A recent release from Lost Art Press, this book is an homage to Christopher Schwarz's
love for workbenches and his dedication to understanding them in all their
manifestations. On the surface, Ingenious Mechanicks is a beautifully-illustrated
treatise on ancient workbenches. But while it does illuminate our understanding of how
woodworkers from Roman times forward did their work, it contributes much more than
that. Readers will find here guidelines for crafting several styles of low workbenches
that are both beautiful (they can serve as furniture!) and surprisingly functional. In doing
so, it turns our heads toward new directions for approaching hand tool woodworking that
may well shake up practices well-enshrined in Western tradition since before Joseph
Moxon and André Roubo came on the scene.
Following a brief introduction to the three workbenches he builds, Schwarz states his
goal: to show that simple workbenches work perfectly well to craft fine furniture. He
then offers some general guidelines for low benches. Any species will work. A simple,
solid slab, while not essential, is nice to have. Single slabs are likely to have higher
than normal moisture levels and require special care, which he describes. Overbuild
your bench using through tenons and through dovetails; wedge your joints rather than
use glue. Make it as long as possible; nine feet is good if you have the space, six feet if
you're more cramped. Make it narrow, especially if it will be straddled. Low benches
should come just below the knee cap.
Considerable historical research went into the creation of this book.
Pictures—principally from frescos and paintings—were the source of information about
the styles and dimensions of the benches. A problem arises in interpreting pictorial
evidence, though. Artwork tends to show workbenches, tools and other equipment as
they were known at the time the art was created and not necessarily as they existed in
the time period illustrated. Few original pieces remain, the Saalburg Roman bench
being a notable exception. Using the pictorial evidence gleaned from thousands of
images and countless sources, Schwarz explores workbench design and features for
workholding as they evolved over time. Because the record is spotty and inconsistent,
the history of workbenches and workholding is necessarily incomplete. Still, this book greatly enhances our understanding of historical practices while giving us new models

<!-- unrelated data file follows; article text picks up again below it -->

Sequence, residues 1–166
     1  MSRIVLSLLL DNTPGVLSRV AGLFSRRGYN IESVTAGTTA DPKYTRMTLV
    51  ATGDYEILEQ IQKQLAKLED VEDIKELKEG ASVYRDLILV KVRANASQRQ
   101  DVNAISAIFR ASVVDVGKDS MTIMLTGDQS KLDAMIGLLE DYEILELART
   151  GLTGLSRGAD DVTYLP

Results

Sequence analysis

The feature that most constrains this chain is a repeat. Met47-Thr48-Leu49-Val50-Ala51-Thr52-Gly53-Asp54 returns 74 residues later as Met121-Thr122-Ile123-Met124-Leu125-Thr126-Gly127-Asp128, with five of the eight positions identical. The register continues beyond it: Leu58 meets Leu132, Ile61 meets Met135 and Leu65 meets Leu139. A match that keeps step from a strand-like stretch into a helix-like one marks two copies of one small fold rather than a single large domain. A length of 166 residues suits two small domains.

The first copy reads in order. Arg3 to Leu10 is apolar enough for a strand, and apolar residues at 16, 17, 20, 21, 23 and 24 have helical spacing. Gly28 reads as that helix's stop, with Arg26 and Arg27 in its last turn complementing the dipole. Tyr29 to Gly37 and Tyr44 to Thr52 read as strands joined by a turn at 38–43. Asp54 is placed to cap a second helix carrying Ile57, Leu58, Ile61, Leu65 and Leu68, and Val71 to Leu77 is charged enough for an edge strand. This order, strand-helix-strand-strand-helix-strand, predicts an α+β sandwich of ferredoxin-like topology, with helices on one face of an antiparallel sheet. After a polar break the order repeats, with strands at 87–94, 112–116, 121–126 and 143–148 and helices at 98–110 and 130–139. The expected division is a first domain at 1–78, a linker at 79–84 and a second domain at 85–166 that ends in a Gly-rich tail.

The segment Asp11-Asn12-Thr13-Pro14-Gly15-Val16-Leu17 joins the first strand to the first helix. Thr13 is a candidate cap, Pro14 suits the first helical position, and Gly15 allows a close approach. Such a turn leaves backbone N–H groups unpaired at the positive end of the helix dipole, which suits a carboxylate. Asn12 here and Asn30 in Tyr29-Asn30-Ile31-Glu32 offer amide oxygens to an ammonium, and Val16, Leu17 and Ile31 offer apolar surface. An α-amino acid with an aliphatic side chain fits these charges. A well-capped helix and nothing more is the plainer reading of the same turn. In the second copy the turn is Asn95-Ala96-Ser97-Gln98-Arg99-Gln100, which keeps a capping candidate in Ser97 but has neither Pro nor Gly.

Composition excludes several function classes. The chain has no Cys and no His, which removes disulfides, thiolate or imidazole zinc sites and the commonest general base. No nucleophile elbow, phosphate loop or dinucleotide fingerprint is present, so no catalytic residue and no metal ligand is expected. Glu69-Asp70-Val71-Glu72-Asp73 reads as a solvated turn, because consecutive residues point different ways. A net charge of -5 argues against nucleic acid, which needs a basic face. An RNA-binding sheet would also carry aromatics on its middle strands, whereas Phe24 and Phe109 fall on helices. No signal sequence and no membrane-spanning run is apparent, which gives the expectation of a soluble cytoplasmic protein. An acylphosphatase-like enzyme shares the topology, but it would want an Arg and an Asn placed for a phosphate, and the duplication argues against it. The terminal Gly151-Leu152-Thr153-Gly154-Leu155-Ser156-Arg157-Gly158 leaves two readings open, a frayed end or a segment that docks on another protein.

to apply to our own work.
Although the principal theme of the book is the design of workbenches from antiquity,
methods of workholding comprise an important subtheme. Early workbenches, though
developed with knowledge of screw vises, were generally built without them, the
reason for which is not known. As Schwarz describes, numerous alternatives for
workholding were employed. These include a planing stop, doe's foot, Chinese palm,
moving palm, side stops, and a crochet, among others. He shows how to make and
use them successfully.
Then comes a discussion of working on a low workbench. Typical tasks are
described—crosscutting, ripping, planing, mortising, cutting dados, tenoning—all off
which can be readily performed, though with changes from familiar ways of working.
Schwarz proceeds to describe the three workbenches that comprise the objects of the
book. First is the Herculaneum workbench, essentially a solid slab with either eight or
four staked legs. After testing, Schwarz concludes that the number of legs does not
affect the performance of the bench. He details how to build the bench, with important
instruction on how to drill the compound angled mortises for the legs without resorting to
math and an easy way to level the legs after the bench has been completed.
The Saalburg workbench, patterned after a genuine Roman bench dating from before
200 CE, is next. A simple bench, Schwarz built his example of red oak. Along the way,
he puzzles out the purpose of the dovetail-shaped notches in the side of the bench,
concluding by experiment that their intended purpose is workholding.
The Holy Roman workbench is third. Schwarz built his with wet wood, which posed
special challenges that he details for its instructive value. This bench incorporates an
end vise and a twin screw face vise.
While the book is practical in its content—there's plenty of detail to enable woodworkers
to duplicate any of the benches, it's also a fascinating exploration of the history of
woodworking. Along the way, we also learn about the trying circumstances of studying
long-lost devices and practices and how, through replication and experimentation, we
can learn much that's both fascinating and functional.
This book has much to comment it. Beautifully illustrated with color photographs and
reproductions of original art, it is printed on high quality paper and cloth-bound with a
slip cover. As expected, Schwarz writes beautifully, injecting subtle humor at numerous
points to keep the technical subject flowing delightfully.
This book is important. Not only does it greatly amplify the historical record of
woodworking practices from a little-understood era, but it makes those practices
accessible to modern woodworkers. This book is a keeper. If only for the history and
the beautifully-presented art, it is well worth enjoying. But the practical woodworking
instruction commends it to hand tool woodworkers as well. If you fall into one of these
groupings, your money will be well spent on this book. Highly recommended.
Find out more and purchase
J. Norman Reid is a woodworker, writer, and woodworking instructor living in the Blue Ridge Mountains with his wife, a woodshop full of power and hand tools and four cats who think they are cabinetmaker's assistants. He is the author of
Choosing and Using Handplanes. He can be reached by email at firstname.lastname@example.org
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